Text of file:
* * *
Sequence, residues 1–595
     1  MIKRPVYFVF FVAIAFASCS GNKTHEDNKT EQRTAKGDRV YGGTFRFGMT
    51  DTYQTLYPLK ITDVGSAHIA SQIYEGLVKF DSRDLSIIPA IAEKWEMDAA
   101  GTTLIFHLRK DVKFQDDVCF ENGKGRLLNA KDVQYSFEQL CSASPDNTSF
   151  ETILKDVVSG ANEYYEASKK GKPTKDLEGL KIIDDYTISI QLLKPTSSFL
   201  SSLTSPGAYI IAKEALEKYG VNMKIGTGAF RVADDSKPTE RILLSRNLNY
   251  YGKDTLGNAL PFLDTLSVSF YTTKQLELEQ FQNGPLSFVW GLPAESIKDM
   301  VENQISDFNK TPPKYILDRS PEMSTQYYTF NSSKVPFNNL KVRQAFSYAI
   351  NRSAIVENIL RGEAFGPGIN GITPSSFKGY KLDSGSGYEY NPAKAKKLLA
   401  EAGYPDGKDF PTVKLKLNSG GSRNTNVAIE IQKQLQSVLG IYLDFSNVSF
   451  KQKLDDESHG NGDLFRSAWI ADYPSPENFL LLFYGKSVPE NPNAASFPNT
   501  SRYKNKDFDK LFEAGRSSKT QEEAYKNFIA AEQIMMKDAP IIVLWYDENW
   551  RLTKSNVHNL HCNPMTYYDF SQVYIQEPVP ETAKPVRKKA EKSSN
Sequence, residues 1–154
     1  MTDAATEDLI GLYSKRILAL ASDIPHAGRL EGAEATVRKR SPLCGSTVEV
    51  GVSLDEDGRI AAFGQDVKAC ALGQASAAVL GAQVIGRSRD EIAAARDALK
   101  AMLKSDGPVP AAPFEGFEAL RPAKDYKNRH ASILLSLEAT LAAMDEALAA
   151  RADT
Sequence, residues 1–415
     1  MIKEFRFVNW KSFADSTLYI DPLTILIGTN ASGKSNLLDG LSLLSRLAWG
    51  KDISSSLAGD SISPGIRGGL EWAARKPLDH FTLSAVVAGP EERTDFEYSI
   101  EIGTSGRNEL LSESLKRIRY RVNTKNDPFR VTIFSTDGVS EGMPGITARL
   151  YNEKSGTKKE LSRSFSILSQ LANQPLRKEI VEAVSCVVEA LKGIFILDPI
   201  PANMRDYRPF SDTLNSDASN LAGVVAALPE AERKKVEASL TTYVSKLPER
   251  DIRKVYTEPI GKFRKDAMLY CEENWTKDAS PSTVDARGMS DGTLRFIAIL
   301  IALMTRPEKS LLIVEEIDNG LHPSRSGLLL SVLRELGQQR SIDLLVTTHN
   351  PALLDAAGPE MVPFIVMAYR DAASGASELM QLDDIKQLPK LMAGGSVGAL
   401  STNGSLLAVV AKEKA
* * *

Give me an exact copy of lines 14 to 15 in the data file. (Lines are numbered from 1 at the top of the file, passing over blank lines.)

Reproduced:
Sequence, residues 1–154
     1  MTDAATEDLI GLYSKRILAL ASDIPHAGRL EGAEATVRKR SPLCGSTVEV